Presented By: Latch
How Smart Access Control Is Improving the Built World
As property owners grapple with how to deliver differentiated experiences, technology continues to play a major role. Access control is the foundation for delivering new capabilities today—and opening up the door for future innovations.
How Smart Access Control Is Improving the Built World
The internet of things (IoT) is revolutionizing the way that we think about the built world. At the same time, as the economy continues to emerge from almost two years of pandemic-related upheaval, the nature of work has also changed. Ubiquitous work-from-home arrangements and emerging hybrid models have blurred the lines between the home and the workplace.
All of this adaptation provides an exciting opportunity to rethink the relationship between people and the buildings where they spend their time. Residents have new expectations about their homes, as well as the offices where they work. There is an appetite for improved experiences, and the good news is that improving experience can improve financial performance.
As more property owners grapple with how to deliver differentiated experiences, technology continues to play a major role. Access control serves as the foundation for the smart building, delivering new capabilities today and opening up the door for future innovations. This trend holds true across all asset classes, with differing benefits for each property type.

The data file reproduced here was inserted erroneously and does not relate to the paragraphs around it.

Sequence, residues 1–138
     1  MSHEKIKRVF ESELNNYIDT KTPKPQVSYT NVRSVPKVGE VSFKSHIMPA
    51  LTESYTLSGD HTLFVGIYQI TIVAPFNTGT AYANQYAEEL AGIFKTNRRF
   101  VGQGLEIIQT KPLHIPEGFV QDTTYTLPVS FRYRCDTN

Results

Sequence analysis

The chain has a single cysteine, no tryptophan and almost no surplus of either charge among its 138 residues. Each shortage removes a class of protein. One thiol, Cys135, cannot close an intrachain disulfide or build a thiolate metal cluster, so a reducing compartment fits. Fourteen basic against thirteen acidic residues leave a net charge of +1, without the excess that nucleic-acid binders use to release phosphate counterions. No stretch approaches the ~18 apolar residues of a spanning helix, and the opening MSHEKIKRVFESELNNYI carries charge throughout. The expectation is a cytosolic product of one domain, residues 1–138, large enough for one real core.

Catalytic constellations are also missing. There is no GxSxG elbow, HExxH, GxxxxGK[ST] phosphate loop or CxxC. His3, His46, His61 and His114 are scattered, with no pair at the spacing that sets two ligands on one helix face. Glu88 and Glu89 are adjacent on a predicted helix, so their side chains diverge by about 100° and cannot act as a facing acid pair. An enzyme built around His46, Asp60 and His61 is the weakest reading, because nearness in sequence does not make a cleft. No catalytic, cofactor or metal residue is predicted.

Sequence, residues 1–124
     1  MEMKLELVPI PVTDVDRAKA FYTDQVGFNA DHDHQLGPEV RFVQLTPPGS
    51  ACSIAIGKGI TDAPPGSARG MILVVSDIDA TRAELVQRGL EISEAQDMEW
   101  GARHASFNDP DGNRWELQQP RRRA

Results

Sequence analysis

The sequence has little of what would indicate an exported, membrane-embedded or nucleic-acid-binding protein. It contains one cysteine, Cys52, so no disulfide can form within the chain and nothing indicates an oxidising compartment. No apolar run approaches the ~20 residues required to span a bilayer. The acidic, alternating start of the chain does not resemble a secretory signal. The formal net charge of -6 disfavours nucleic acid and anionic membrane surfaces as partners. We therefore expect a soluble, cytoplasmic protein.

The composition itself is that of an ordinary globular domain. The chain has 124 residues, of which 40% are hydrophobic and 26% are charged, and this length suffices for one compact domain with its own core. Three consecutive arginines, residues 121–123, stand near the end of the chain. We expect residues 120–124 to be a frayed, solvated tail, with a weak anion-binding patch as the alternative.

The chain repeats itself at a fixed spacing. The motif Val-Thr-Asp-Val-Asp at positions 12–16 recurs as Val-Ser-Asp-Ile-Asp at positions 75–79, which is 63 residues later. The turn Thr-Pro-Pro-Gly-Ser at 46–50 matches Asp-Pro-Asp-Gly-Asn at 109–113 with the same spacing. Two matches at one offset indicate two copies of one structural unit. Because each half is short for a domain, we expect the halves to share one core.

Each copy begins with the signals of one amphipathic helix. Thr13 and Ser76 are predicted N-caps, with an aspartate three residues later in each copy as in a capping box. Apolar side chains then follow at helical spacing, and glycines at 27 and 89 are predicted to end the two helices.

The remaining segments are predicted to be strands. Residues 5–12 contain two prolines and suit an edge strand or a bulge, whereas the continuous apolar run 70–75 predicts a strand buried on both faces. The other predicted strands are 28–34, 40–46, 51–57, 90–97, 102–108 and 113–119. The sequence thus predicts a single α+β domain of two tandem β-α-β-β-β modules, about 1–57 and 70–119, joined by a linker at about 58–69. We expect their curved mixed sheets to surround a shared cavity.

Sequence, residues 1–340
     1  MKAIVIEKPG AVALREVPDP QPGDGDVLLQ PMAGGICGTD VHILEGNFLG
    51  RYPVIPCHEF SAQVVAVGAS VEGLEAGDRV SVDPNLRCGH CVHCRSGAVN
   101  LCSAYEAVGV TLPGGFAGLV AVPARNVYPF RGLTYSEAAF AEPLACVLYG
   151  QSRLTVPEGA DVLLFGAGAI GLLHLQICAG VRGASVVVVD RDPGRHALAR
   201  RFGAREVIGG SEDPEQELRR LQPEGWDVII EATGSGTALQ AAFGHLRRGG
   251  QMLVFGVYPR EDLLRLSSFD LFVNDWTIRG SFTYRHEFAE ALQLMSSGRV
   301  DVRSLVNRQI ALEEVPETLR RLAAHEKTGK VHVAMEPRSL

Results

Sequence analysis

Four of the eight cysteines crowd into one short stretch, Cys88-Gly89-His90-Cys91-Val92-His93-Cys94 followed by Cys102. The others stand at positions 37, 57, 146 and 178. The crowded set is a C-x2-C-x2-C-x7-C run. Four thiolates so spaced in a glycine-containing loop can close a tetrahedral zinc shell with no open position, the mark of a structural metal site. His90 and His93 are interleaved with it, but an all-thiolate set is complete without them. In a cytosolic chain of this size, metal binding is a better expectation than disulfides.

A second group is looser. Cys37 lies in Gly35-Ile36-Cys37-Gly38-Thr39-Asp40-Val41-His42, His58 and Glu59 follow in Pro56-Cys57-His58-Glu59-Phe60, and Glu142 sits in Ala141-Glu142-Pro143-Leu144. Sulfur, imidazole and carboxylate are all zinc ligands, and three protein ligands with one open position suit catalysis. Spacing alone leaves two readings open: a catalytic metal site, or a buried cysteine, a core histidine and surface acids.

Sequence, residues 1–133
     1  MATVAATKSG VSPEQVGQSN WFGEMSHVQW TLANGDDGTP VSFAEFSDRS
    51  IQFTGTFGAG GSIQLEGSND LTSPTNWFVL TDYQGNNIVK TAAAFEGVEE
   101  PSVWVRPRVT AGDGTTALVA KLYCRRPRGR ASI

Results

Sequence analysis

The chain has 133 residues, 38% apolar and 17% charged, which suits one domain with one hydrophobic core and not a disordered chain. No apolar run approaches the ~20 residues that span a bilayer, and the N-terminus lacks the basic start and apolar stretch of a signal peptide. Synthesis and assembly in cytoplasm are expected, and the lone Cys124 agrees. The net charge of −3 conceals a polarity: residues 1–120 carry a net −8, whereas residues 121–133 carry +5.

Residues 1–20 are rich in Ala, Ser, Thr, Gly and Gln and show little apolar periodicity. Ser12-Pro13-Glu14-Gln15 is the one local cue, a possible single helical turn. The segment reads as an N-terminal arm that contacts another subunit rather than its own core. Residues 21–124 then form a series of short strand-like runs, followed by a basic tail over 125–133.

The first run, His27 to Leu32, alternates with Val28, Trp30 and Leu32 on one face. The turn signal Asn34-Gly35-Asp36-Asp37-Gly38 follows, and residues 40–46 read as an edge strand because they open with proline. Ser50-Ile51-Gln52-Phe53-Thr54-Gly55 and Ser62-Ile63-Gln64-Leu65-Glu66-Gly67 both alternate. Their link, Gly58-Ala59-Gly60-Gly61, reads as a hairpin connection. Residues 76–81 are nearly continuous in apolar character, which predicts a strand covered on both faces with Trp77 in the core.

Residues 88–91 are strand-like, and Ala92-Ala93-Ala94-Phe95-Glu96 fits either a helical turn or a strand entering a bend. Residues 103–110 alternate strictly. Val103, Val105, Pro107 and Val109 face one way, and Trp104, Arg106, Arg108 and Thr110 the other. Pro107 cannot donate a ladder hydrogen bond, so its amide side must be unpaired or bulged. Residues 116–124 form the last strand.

The value of experiences for multifamily housing
An unusual feature of smart-building technology is the breadth of benefits that it delivers to the companies that adopt it. It improves living experiences while at the same time creating operational efficiencies and ultimately lowering costs. At Latch, our work with an ever-growing base of multifamily operators has taught us how owners and operators think about returns on smart-building investments.
Here are four of the most common ways that communities achieve ROI from access control implementations:
- Increased rental value
Convenience and technology-driven experiences matter. Smart-access control is fundamental to enabling today’s modern lifestyle and as more residents come to rely on service providers, package deliveries and contactless guest access, the ability to control access via an app is transformative. This is often reflected in the value of a property. Communities with smart-access control typically achieve higher rents than an otherwise similar neighboring property that still uses keys.
- More effective marketing
Tours that showcase beautiful, simple-access control tend to be more successful than tours that start, for example, with a lockbox.
Beyond the tour experience, the reputational benefit of the technology can be a force multiplier for marketers. As reputation scores have grown in importance for multifamily marketers, they have amplified current residents’ digital “word of mouth.” A tech-enabled tour and living experience burnishes a community’s reputation and ultimately improves marketing performance.
- Higher productivity
Keys are a barrier for multifamily productivity. Processes such as move-ins and move-outs cost significantly more time and money when you need to factor in making and distributing keys, changing out locks, etc. Additionally, everyday occurrences like property tours, guest access, lock-out situations and package handling all cost time and money when keys are involved. Replacing keys with technology can convert wasted site team hours into more lead follow-up, completed maintenance tickets and greater efficiency.